Sometimes the best way to begin a visit to a city you’ve never been to before is to get on a sightseeing bus, preferably the top level of a double decker, and zip through everything in one fell swoop. Once you have sense of the lay of the land, you can then decide which sites you’d like to spend more time exploring later on.
- Israel with Kids / Boating on the Yarkon River
- Israel with Kids / The Israeli Museum at the Yitzhak Rabin Center
- Israel with Kids / Coca-Cola Visitors’ Center
- Israel with Kids / Mahuti visitors' center
- Israel with Kids/ Ein Gedi
- Israel with Kids / Ice-skating in Tel Aviv
While no such thing as the “Israel-in-two-hours” sightseeing tour exists just yet, the Mini Israel park near Latrun, which provides scaled-down replicas of all the country’s main attractions, is as close as you’ll get to the equivalent. And unlike those bus tours where you are stuck in your seat, you can do this one entirely on foot.
At Mini Israel, you’ll find tiny versions of 380 sites described in its brochure as “pivotal to Israel’s identity and history.” These include classics like Masada and the Old City of Jerusalem, as well as some modern-day attractions like the Ramat Gan safari (replete with roving toy animals) and Ben-Gurion International Airport (with mini planes cruising down the mini tarmac).
What’s best, however, is that your kids are guaranteed to love it. This was our second trip to the pint-sized park, and our kids were no less blown away this time around.
What is it about Mini Israel that children tend to find so irresistible? And why do some of the tiny replicas of the country’s most important sites seem to get them more excited than the actual, full-sized versions?
I'm inclined to chalk it up to the cute factor. Historic buildings, it seems, are like kittens and puppies: The smaller they are, the more children are intrigued by them.
For us, a good indication that the kids are enjoying a place is when they whip out their cellphones and start snapping pictures. At Mini Israel, they were snapping away non-stop, pausing just enough to exclaim at each new discovery, “This is sooooo cute!” or “Omigod, just look at this. It is soooo adorable!”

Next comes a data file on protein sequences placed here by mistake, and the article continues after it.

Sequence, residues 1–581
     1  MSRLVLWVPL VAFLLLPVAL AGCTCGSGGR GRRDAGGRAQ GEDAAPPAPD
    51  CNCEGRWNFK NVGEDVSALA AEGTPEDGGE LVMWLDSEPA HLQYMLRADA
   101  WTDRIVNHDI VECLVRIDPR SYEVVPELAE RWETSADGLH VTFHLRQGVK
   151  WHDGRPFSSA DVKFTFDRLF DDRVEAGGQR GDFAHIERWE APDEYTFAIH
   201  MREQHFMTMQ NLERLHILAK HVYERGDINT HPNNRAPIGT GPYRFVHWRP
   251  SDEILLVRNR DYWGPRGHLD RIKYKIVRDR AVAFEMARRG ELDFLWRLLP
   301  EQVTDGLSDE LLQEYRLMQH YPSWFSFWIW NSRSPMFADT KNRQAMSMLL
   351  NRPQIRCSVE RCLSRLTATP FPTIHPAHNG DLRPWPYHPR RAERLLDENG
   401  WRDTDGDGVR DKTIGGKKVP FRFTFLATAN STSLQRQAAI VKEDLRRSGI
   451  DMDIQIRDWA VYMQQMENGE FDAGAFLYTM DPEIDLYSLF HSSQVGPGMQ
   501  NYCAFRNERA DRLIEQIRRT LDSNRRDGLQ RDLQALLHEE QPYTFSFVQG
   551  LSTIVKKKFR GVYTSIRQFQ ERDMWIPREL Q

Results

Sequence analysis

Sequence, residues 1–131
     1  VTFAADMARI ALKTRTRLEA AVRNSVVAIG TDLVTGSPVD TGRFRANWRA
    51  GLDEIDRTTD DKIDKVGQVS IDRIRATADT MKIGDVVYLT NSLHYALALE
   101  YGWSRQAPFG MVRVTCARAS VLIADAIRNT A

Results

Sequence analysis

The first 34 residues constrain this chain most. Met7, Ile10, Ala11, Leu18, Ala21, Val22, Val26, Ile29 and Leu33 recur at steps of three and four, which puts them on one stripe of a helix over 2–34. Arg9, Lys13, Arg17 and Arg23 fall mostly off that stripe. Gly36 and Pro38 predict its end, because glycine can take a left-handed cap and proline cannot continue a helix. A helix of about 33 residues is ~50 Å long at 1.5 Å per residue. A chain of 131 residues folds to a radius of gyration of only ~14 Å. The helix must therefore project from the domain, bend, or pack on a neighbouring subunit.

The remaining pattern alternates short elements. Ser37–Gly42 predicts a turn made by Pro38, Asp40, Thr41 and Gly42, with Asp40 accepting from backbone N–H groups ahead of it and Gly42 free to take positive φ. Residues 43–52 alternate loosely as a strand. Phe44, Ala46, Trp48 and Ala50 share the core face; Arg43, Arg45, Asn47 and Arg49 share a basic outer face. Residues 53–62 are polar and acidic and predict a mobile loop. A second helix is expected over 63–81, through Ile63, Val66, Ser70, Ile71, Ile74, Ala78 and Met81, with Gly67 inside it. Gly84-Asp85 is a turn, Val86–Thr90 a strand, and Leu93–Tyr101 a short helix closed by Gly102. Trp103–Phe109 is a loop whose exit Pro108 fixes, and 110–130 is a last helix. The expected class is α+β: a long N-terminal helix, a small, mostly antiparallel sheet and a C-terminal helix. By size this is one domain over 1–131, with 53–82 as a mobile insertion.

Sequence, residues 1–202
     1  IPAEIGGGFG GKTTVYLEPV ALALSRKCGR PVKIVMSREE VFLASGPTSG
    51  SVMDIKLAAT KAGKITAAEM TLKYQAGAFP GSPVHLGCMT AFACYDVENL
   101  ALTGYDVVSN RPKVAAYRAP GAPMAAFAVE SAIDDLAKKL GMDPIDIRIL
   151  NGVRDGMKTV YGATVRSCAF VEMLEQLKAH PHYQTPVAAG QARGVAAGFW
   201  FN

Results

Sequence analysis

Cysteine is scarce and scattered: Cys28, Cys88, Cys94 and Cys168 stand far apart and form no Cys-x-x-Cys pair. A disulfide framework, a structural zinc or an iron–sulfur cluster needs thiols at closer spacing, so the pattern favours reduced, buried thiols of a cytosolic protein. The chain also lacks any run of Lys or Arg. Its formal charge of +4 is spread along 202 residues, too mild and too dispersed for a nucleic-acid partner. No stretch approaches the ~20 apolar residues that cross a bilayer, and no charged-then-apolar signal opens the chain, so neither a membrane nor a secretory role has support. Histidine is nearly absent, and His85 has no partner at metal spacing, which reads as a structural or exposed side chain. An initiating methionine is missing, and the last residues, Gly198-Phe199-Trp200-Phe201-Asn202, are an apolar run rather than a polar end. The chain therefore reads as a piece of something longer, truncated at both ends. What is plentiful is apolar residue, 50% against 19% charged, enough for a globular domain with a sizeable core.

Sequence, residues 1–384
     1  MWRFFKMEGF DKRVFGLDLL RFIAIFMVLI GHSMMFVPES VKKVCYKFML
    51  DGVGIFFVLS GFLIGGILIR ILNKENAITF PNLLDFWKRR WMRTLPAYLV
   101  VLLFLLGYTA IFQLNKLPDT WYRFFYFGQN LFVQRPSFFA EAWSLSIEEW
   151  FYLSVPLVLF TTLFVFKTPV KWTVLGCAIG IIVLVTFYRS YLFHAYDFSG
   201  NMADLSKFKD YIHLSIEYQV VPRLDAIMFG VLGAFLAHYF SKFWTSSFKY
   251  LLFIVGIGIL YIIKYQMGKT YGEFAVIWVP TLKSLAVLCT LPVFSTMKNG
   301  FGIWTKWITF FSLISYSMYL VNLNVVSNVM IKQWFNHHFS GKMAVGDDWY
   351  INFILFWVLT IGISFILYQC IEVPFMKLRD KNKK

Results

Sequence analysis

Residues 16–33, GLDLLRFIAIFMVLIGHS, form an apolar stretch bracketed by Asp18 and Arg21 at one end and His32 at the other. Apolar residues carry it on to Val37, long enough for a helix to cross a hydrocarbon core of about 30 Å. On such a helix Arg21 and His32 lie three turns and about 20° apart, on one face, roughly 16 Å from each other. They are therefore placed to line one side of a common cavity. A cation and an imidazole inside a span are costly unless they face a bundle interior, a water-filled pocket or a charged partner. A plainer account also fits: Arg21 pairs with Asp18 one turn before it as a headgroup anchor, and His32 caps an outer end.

And it really is. Down to the miniature bonsai trees that dot the landscapes, the tiny figurines praying at the Western Wall (which can be activated to sway in unison by pressing a button), the teensy-weensy bottles of Coca-Cola gliding along the ramps inside the storied beverage factory, and the Gaudi-style “crazy building” on Tel Aviv’s Hayarkon Street, scaled down to a bare fraction of its true size but with all its funkiness intact. At many of the sites, background sounds – for example, cows mooing at a kibbutz and the muezzin calling Muslims to prayer in the Old City of Jerusalem – further amplify the experience.
In its scaled-down version, Jerusalem is indeed a sight to behold, unquestionably the highlight of any trip to the Mini Israel park. Stripped of some of its less appealing features (the almost inevitable bumper-to-bumper traffic, for example), the replica of our nation’s capital is absolutely spectacular. It stands slightly elevated above everything else in the park, its historic and archeological monuments no less grand in their itsy-bitsy versions.
You can take it all in less than two hours, which means it’s doable on a weekday after school, which is certainly a plus if you want to beat the weekend crowds. Our recommendation is to time your visit with sunset so that you can view the three famous icons of the Tel Aviv skyline – the rectangular, circular and triangular Azrieli towers – lit up in all their geometric grandeur. If you take a two-minute stroll to the Negev, you can also witness the Bedouin lighting a bonfire in their encampment after dark.
At some point, make sure to walk up to the top of the building at the entrance where you’ll catch a bird’s eye view of the entire park (notice that it’s in the shape of the Star of David). Yet another great photo op for your smartphone-wielding kids.
Telephone for information: 1-700-559-559
Hours: Saturday-Thursday 10:00-18:00 and Fridays 10:00-14:00 and Saturdays 10:00-18:00 (In July-August, it’s open Saturday-Thursday 17:00-22:00 and same hours Friday)
Cost: NIS 79 for adults, NIS 59 for children ages 5-18, and NIS 24 for children ages 2-4.
Getting there: It's about a 30-minute drive from both Tel Aviv and Jerusalem. There is no public transportation.
Parking: free on premises.
Refreshments are sold on premises.